Engaging the Word: Readings for 11/15/15 (25th Sunday after Pentecost)

By Barbara Klugh

1 Samuel 1:4-20; Psalm 16; Hebrews 10:11-25; Mark 13:1-8. Go to www.lectionarypage.net to read or print the weekly lectionary text. In this week’s readings, Hannah rejoices in the birth of her son Samuel she had promised to God’s service, the author of Hebrews describes Jesus as the initiator of the new covenant, and Jesus foretells the destruction of the temple and describes the end times.

Hannah before Eli the high priest, by Malnazar, 1637. Public domain, via Wikimedia Commons.
Hannah before Eli the high priest, by Malnazar, 1637. Public domain, via Wikimedia Commons.

1 Samuel 1:4-20: You may have noticed a familiar theme in the biblical narrative: women who were barren end up giving birth to sons who play important roles in Israel’s history. Think of Sarah, the mother of Isaac, Rebekah, mother of  Jacob and Esau, Rachael, mother of Joseph, and Elizabeth, the mother of John the Baptist. So it is in this week’s reading.

Elkanah, husband of Hannah and Peninnah, went up every year to Shiloh to offer sacrifices to the LORD. Peninnah had several children and mocked Hannah because she was barren. Elkanah  gave Hannah a double portion of the sacrificial meal “because he loved her, though the LORD had closed her womb.”

One day Hannah went up to the temple, and prayed to the LORD, weeping in great distress. Eli the priest was sitting by the doorpost. She promised God that if he would give her a son, she would give her son to the service of the LORD, and that he will remain a nazarite all his life.

Seeing Hannah’s mouth move, Eli thought Hannah was drunk and questioned her. When she explained that she had been “pouring out my soul before the LORD.” Eli told Hannah, “Go in peace; the God of Israel grant the petition you have made to him.” In due course Hannah conceived and bore a son, and named him Samuel, which means “God hears,” “asked of God,” or “name of God.”

Hannah kept her vow, and gave Samuel to Eli in service to God. Samuel was the last of the Hebrew judges, the first great prophet after Moses, and anointed the first two kings of Israel, Saul and David.

Psalm 16: This week we have favorite psalm of mine, a song about living with joy, trust, and security as we follow the way of God, however imperfectly. Verses 5 and 11 have extra highlighting in my Prayer Book: “O LORD, you are my portion and my cup; it is you who uphold my lot….You will show me the path of life; in your presence here is fullness of joy, and in your right hand are pleasures for evermore.”

Salvator Mundi by Andrea Previtali (1480-1528). Public domain, via Wikimedia Commons.
Salvator Mundi by Andrea Previtali (1480-1528). Public domain, via Wikimedia Commons.

Hebrews 10:11-25: This week’s passage is the last one in our series from the letter to the Hebrews, which is more like a sermon (or, as the author writes, an “exhortation”)  than a letter.

The author continues to drive home the point that the old sacrificial system was ineffective, because the priest stood “day after day” offering the same sacrifices. In contrast, Christ offered a single sacrifice for sins once for all time and then “sat down at the right hand of God.” Jesus’ earthly work was completed.

The author cited Jeremiah’s prophecy about the new covenant: The LORD said, “I will put my laws in their hearts and I will write them on their minds…I will remember their sins and lawless deeds no more.”  With forgiveness  of sins, God wipes our slates clean, so there is no longer any need to make sin offerings. Jesus has fulfilled  Jeremiah’s prophecy and initiated the new covenant through his death and resurrection.  Mission accomplished!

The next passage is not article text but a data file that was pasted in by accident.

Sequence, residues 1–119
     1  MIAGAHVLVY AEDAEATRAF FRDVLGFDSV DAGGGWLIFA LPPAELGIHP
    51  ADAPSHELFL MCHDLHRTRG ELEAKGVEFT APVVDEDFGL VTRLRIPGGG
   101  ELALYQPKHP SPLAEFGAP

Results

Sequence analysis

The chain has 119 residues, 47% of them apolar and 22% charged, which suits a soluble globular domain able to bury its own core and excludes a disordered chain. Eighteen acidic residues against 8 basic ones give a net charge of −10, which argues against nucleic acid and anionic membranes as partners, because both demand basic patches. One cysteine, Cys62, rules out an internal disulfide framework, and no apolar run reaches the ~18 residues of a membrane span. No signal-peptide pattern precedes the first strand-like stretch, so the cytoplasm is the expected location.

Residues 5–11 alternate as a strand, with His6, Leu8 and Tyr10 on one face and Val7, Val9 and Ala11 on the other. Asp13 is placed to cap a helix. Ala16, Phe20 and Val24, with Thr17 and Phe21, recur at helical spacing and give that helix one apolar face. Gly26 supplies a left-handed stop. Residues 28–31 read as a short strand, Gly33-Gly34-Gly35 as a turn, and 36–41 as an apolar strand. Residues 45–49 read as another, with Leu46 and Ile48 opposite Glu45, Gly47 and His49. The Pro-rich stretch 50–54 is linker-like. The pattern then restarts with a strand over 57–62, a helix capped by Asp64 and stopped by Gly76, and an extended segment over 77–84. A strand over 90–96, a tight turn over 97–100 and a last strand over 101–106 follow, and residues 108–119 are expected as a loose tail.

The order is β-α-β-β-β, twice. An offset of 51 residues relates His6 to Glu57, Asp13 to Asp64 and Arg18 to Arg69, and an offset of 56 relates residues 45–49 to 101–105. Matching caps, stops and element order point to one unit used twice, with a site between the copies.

Now that our hearts are cleansed from sin, we can have the confidence to approach God  “with a true heart in full assurance of faith.” So let’s not waver in our faith. Let’s stay in Christian community and “provoke one another to love and good deeds…meeting together…encouraging one another” as we await the second coming of Christ. Amen.

The prophecy of the temple destruction by James Tissot (1836-1902). Public domain, via Wikimedia Commons.
The prophecy of the temple destruction by James Tissot (1836-1902). Public domain, via Wikimedia Commons.

Mark 13:1-8: This week’s reading takes place during the last week of Jesus’ life and is the last time we will read our Sunday Scriptures from Mark’s Gospel until the end of 2017.

Chapter 13 is known as Jesus’ Olivet discourse, also known as the “Little Apocalypse” because Jesus spoke about the end times and used apocalyptic language.

First, one of Jesus’ disciples admired the large stones and large buildings of the temple, and Jesus predicted their destruction, “Do you see these great buildings? Not one stone will be left here upon another; all will be thrown down.” Indeed, the temple was destroyed by the Romans 40 years later.

Next, while Jesus was sitting on the Mount of Olives, four of his disciples asked him when this destruction will take place, and what will be the sign that indicate  the end of the age. Jesus replied, “Beware that no one leads you astray. Many will come in my name and say, `I am he!’ and they will lead many astray. When you hear of wars and rumors of wars, do not be alarmed; this must take place, but the end is still to come. For nation will rise against nation, and kingdom against kingdom; there will be earthquakes in various places; there will be famines. This is but the beginning of the birthpangs.”

The lectionary ends there, but Jesus goes on to tell about persecution of disciples, the desolating sacrilege (possibly the siege of Jerusalem), and the coming of the Son of Man  “with great power and glory.” At the end of the chapter said,  “About that day or hour no one knows, neither the angels in heaven, nor the Son, but only the Father….Therefore, keep awake.”


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